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March 10, 2009


Development work and organisations

From large development organisations and banks, such as the IMF and the World Bank, funding giant multi-decade projects, to small NGOs organising grassroots projects, to volunteer agencies providing everything from fence builders to business consultants, global development has become a huge industry. Development is a broad term, but the following groups of organisations are generally included under this umbrella:

  • Public multinationals: Huge organisations like the United Nations, the World Bank and the Asian Development Bank (ADB)
  • Multinational NGOs: Large non-government organisations such as Amnesty International, CARE, Engineers Without Borders, Medecines Sans Frontieres (MSF) and the World Wildlife Fund (WWF)
  • Smaller NGOs: Hundreds of locally based, often grassroots organisations devoted often to one particular issue or problem, be it women's health, micro-finance or political education
  • Volunteer organisations: Organisations that rely on volunteers, though they may pay a stipend

There are also private companies involved in development work and branches of private companies that work as a nonprofit on development-related issues. For example, many of the major consulting and tax consulting companies have arms dedicated to the issues of development, privatization and economic development. Their clients are mainly governments and the public multinationals.

There is a wide range of opportunities under the "development" umbrella, and just as wide of a variety of people working in this industry. Development gurus range from top-level senior executives to junior volunteers straight out of university. Opportunities run from micro-finance to building bridges, from environmental work to helping democracy take hold in remote corners of the world. Many development organisations focus on economic development and financial skills. While there are certainly still opportunities to help villagers build houses, more and more opportunities focus on small business development, nurturing local entrepreneurship and providing sustainable business skills.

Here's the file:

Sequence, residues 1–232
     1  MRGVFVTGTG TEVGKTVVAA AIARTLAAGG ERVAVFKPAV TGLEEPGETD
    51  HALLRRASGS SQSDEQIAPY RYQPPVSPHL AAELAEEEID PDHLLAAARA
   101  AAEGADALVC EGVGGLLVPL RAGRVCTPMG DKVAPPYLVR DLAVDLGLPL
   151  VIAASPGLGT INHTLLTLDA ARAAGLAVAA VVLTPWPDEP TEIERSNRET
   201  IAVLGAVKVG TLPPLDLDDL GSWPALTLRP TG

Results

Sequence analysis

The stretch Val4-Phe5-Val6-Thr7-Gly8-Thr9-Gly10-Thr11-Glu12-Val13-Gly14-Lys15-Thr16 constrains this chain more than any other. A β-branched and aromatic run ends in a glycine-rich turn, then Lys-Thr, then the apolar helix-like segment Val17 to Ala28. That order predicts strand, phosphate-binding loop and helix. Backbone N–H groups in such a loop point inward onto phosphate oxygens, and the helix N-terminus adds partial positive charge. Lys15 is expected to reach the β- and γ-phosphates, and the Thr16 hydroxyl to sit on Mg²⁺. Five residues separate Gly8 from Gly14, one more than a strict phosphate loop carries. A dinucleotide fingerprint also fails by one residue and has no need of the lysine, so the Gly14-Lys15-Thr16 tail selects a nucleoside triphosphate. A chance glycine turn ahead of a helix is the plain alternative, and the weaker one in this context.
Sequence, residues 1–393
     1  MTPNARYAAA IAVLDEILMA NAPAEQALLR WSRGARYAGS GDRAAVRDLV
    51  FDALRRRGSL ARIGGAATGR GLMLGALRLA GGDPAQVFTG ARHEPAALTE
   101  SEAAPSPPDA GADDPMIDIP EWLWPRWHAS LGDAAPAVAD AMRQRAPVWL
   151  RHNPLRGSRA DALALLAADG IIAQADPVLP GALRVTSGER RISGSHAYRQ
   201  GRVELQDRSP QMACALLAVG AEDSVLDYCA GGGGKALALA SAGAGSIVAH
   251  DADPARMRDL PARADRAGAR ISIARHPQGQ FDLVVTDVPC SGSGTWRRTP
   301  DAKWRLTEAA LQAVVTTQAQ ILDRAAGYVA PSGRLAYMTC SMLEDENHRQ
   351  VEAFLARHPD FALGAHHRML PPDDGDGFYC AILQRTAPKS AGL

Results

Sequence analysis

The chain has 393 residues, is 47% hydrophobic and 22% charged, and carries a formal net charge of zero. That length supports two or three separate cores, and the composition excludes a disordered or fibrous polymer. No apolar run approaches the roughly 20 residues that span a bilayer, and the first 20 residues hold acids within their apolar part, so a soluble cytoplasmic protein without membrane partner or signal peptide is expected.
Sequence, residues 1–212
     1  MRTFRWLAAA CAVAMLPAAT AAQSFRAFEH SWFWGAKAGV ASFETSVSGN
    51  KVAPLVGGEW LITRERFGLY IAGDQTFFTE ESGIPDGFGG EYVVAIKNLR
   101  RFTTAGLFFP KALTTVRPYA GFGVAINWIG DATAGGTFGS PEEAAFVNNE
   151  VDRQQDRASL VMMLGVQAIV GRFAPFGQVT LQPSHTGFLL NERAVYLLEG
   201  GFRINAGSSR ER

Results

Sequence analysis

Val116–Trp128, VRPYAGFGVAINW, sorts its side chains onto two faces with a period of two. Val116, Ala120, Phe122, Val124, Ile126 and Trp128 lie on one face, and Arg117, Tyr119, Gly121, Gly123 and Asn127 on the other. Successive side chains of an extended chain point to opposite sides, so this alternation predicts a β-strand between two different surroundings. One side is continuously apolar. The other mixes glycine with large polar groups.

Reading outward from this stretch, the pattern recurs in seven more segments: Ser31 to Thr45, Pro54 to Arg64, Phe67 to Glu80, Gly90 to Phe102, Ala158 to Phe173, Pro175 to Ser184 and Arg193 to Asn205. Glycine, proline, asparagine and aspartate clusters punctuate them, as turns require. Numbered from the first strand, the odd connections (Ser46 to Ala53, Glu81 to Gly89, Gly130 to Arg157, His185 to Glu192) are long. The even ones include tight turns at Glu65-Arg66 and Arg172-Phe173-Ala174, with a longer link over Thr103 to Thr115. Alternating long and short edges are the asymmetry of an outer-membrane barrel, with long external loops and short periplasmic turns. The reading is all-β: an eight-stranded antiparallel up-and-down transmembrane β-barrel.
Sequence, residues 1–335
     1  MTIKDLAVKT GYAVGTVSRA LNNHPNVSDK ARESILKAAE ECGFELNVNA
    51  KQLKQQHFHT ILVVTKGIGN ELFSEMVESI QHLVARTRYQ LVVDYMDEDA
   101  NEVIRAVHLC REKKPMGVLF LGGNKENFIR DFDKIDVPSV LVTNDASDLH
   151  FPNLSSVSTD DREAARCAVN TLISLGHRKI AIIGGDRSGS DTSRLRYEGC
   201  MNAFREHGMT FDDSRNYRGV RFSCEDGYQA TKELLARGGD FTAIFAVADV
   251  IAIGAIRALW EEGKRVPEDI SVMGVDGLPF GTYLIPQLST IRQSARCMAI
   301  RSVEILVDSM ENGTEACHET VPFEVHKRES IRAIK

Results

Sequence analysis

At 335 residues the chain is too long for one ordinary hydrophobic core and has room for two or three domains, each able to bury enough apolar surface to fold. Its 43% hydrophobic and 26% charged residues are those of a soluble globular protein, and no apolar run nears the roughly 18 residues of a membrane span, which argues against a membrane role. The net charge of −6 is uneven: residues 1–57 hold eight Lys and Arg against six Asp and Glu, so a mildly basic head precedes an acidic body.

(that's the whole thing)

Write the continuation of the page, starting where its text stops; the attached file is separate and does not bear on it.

Volunteering for development work

Volunteering is often the first step many people take to get involved in development work, though volunteering can be an attractive option even if you don't envision a long-term career in this field. Volunteering, either on a long-term or short-term basis, is a great way to experience another culture while making a difference.

There are thousands of volunteer opportunities out there, offering you the chance to get involved in whatever your particular passion or geographic preference is. One of the longest-established organisations is Australian Volunteers International, but there are numerous other organisations and agencies that offer opportunities for committed volunteers.

Most volunteer assignments are just that: volunteer, meaning you won't be drawing a salary. In some cases, though, you may draw a stipend. A stipend is a living allowance to cover basic necessities, so that while you might not be saving any money, you won't be spending out of pocket either. Some programs will cover airfare and housing.

A number of volunteer opportunities require you to pay the organisation for the opportunity to volunteer. Think seriously about these types of opportunities, especially for "volunteer" programs for teaching English. While it is great to have the support these programs offer, you could easily be paid to do the same work.


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